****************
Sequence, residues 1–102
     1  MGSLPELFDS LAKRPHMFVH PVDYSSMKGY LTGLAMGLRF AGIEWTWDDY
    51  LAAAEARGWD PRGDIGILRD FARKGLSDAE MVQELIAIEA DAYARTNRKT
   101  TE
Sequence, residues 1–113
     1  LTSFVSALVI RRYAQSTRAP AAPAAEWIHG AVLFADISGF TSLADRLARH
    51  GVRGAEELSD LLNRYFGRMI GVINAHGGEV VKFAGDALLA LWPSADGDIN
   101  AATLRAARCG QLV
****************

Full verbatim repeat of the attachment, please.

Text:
Sequence, residues 1–102
     1  MGSLPELFDS LAKRPHMFVH PVDYSSMKGY LTGLAMGLRF AGIEWTWDDY
    51  LAAAEARGWD PRGDIGILRD FARKGLSDAE MVQELIAIEA DAYARTNRKT
   101  TE
Sequence, residues 1–113
     1  LTSFVSALVI RRYAQSTRAP AAPAAEWIHG AVLFADISGF TSLADRLARH
    51  GVRGAEELSD LLNRYFGRMI GVINAHGGEV VKFAGDALLA LWPSADGDIN
   101  AATLRAARCG QLV